Can we characterize the conflict between Yugoslavia and the Cominform as a war?

Maki

Ad Honorem
Jan 2017
3,394
Republika Srpska
#1
1948 saw the Tito-Stalin split which led to Yugoslavia being branded as a country run by traitors to Marxism-Leninism-Stalinism. Tensions between Yugoslavia and the Eastern Bloc continued until Stalin's death but they never turned into a war...or did they? While it is true that Stalin never launched a full-scale invasion of Yugoslavia, the Yugoslav-Cominform conflict had some elements of a war.

1. Numerous armed clashes between the two sides. There were 937 clashes in 1950, 1517 in 1951, 2390 in 1952. Over a 100 Yugoslav citizens and soldiers lost their lives in these clashes. Yugoslav air space was also frequently violated.

2. The Soviet bloc sent saboteurs into Yugoslavia. Not spies, but saboteurs that were supposed to cripple Yugoslavia from the inside.

3. The Soviet bloc actively threatened Yugoslav sovereignty and Yugoslav borders. Communist Albania sent men to Albanian-inhabited regions of Yugoslavia to spread anti-Yugoslav sentiment while Hungary put forward its claims on parts of Vojvodina.

4. Yugoslavs were treated as enemy aliens in the Soviet bloc. They were often imprisoned and/or deported (for example in Romania). Yugoslav diplomatic staff were prevented from doing their duty and their immunity was violated. Organizations led by Yugoslav minorities in Soviet countries were shut down and Yugoslav minorities were sometimes put into special restricted zones. For her part, Yugoslavia imprisoned many Russians that lived in Yugoslavia, imposed restrictions of anything remotely Russian such as language, literature, things like that.

There were other things, like the propaganda war between the two sides (seriously, if you read Soviet propaganda from the time you would think that Yugoslavia was a superpower. It apparently had thousands of agents in multiple Communist countries and those agents were a part of a vast conspiracy designed to weaken Communism), leaflet droppings etc.

So, can we say this was an actual small-scale war rather than merely a tense situation that could potentially turn into a war?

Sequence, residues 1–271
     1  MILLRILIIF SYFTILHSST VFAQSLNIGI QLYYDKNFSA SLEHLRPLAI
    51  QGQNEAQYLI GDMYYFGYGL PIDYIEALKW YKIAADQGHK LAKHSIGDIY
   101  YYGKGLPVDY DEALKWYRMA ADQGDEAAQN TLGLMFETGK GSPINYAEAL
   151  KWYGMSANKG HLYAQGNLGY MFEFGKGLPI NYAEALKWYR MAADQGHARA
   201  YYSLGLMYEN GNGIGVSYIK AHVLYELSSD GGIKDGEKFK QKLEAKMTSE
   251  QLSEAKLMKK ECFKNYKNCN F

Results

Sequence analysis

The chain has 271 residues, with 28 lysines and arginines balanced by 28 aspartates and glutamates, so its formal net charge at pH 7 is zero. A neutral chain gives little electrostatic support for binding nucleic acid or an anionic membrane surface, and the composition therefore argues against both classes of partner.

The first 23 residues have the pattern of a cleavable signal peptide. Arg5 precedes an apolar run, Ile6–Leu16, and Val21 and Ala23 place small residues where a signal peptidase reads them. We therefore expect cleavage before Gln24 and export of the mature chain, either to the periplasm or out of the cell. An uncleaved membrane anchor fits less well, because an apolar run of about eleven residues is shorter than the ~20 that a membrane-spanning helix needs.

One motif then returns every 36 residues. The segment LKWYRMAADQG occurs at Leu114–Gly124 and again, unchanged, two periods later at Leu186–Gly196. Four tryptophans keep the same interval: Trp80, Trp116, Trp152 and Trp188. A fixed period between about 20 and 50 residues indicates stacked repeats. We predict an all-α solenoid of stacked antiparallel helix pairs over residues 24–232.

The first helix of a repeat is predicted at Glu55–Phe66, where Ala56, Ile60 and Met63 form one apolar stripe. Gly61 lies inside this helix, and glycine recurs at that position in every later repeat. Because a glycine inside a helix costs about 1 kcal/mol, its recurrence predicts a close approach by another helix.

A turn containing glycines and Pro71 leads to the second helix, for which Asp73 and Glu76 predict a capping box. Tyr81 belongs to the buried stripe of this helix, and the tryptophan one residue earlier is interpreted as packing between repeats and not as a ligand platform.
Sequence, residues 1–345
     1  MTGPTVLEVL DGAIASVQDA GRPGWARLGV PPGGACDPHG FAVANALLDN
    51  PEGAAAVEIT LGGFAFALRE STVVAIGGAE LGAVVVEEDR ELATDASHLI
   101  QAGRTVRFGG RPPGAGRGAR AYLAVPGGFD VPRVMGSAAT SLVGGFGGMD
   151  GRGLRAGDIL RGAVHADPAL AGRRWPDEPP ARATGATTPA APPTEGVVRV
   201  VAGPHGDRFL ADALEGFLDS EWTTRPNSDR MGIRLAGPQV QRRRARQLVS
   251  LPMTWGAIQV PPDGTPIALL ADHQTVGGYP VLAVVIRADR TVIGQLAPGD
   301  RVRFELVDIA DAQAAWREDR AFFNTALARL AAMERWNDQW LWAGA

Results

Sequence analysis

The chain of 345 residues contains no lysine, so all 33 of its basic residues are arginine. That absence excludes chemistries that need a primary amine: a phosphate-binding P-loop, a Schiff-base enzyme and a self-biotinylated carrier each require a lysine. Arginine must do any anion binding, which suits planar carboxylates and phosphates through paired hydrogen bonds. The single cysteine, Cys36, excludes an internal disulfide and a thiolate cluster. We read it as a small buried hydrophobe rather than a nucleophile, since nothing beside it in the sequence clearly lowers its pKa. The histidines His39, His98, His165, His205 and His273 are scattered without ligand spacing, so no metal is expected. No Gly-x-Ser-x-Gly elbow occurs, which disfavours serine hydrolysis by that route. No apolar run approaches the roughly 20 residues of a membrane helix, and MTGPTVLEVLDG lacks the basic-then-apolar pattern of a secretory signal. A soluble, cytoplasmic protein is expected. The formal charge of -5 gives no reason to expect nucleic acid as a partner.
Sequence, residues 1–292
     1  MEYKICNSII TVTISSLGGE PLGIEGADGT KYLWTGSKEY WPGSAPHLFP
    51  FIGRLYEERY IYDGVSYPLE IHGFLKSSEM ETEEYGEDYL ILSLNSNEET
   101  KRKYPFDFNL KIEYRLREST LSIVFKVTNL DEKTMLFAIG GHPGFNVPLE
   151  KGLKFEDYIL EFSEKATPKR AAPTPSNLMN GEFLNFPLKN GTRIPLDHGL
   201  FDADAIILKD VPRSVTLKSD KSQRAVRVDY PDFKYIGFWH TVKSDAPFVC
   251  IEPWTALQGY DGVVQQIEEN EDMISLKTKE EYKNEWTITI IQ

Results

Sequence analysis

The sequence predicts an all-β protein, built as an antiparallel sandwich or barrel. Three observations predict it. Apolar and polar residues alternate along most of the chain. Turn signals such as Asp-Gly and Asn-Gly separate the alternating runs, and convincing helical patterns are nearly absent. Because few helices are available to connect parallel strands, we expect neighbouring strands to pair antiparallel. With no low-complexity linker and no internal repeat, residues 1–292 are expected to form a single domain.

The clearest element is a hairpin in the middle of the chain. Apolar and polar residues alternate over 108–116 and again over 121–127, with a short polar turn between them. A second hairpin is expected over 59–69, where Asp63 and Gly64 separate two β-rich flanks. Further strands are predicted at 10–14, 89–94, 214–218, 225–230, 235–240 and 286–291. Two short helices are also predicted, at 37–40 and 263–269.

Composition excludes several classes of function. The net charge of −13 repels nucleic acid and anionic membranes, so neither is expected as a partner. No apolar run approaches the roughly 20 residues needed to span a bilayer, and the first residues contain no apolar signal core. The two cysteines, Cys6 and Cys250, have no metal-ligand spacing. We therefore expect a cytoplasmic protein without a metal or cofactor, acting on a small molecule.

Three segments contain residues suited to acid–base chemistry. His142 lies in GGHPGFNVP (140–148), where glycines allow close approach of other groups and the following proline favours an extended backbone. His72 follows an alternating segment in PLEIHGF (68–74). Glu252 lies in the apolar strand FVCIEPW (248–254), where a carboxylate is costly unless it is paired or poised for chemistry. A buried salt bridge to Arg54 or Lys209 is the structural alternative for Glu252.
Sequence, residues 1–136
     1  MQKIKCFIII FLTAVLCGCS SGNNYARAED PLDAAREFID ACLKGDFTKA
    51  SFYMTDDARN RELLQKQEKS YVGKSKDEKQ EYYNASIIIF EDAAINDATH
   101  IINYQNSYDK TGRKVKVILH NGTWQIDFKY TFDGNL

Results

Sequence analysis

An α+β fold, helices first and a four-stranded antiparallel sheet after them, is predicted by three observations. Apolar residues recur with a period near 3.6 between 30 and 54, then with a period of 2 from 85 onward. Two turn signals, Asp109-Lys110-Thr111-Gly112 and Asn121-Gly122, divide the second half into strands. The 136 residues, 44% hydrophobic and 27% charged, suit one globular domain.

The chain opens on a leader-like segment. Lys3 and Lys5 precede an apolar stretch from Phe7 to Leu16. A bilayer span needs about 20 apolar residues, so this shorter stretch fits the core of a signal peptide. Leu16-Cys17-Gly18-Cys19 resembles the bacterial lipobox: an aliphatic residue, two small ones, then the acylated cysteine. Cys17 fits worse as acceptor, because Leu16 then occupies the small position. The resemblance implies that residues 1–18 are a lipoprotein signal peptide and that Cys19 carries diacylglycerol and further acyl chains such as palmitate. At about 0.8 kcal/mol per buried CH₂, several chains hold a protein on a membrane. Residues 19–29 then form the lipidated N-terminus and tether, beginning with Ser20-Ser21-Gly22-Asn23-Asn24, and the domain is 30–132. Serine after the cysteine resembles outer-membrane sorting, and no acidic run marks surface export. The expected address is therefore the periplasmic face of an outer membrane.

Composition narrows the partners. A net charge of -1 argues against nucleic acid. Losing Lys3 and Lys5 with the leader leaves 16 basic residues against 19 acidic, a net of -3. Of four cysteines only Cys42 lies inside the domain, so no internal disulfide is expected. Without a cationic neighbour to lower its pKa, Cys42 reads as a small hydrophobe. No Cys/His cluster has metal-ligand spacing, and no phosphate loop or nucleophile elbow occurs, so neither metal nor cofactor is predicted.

Futurist

Ad Honoris
May 2014
21,060
SoCal
#3
It was a low-level war. Perhaps comparable to what is going on between Israel/US and Iran over the last 20 years. After all, Israel did engage in the assassination of Iranian nuclear scientists.
 

Valens

Ad Honorem
Feb 2014
8,303
Colonia Valensiana
#5
There were border clashes in which people were killed on both sides, though far more on the Yugoslav side. The Yugoslav regime seriously prepared the country for a Soviet invasion, hence they ordered certain factories to be moved from vulnerable areas to the interior of the country. The question is whether the Soviets really planned an invasion, or their strategy was to put constant pressure on Tito and bully the regime into submission. On the other hand, such a strategy would inevitably push Yugoslavia into Western arms (which it did, to a great extent) and Stalin would not risk a confrontation with the US in Europe as the SU, although at the peak of its international reputation following WWII victory, was ravaged by war and only began to recover.
 
Likes: Futurist

Futurist

Ad Honoris
May 2014
21,060
SoCal
#6
There were border clashes in which people were killed on both sides, though far more on the Yugoslav side. The Yugoslav regime seriously prepared the country for a Soviet invasion, hence they ordered certain factories to be moved from vulnerable areas to the interior of the country. The question is whether the Soviets really planned an invasion, or their strategy was to put constant pressure on Tito and bully the regime into submission. On the other hand, such a strategy would inevitably push Yugoslavia into Western arms (which it did, to a great extent) and Stalin would not risk a confrontation with the US in Europe as the SU, although at the peak of its international reputation following WWII victory, was ravaged by war and only began to recover.
Would the US have actually been willing to fight on behalf of Yugoslavia?
 

Valens

Ad Honorem
Feb 2014
8,303
Colonia Valensiana
#7
Would the US have actually been willing to fight on behalf of Yugoslavia?
Why would they? Yugoslavia wasn't a member of NATO, the US had no obligations towards the country. More likely they'd send weapons to bolster the resistance, but a full-scale war was unlikely, as both sides were wary of each other. Stalin was displeased with Tito's support to the Greek partisans and as well as his very bold regional policy (negotiations with Bulgaria for example, to enter the Yugoslav federation) which he viewed with suspicion.
 
Jul 2017
157
Europe
#9
The only thing Stalin was trying to do in Yugoslavia was to assassinate Tito and eventually install a Moscow-friendly government in Yugoslavia. Tito reportedly had written a letter to Stallin asking him to stop sending people to kill him. “Stop sending these people to try and kill me. If I send one man to Moscow, I wouldn’t have to send another one”.

The hostility between Yugoslavia and USSR stopped after Nikita Khrushchev came to power. We could say that at the time, Yugoslavia had won “the war”. My opinion is that U.S.A would get involved had USSR tried to invade Yugoslavia and soviets knew that. Yugoslavia, being the only Socialist non-aligned country and the only one in the region that wasn’t behind The Iron Curtain, was very important for both the U.S. and Western Europe. They would not allow USSR to invade Yugoslavia in any way. Stalin knew this and he was only flexing muscles, but he knew exactly how far he could go.
 

Maki

Ad Honorem
Jan 2017
3,394
Republika Srpska
#10
The hostility between Yugoslavia and USSR stopped after Nikita Khrushchev came to power.
For a bit yes. But very soon hostile relations were resumed, though never got quite as bad as during the 1948-53 period.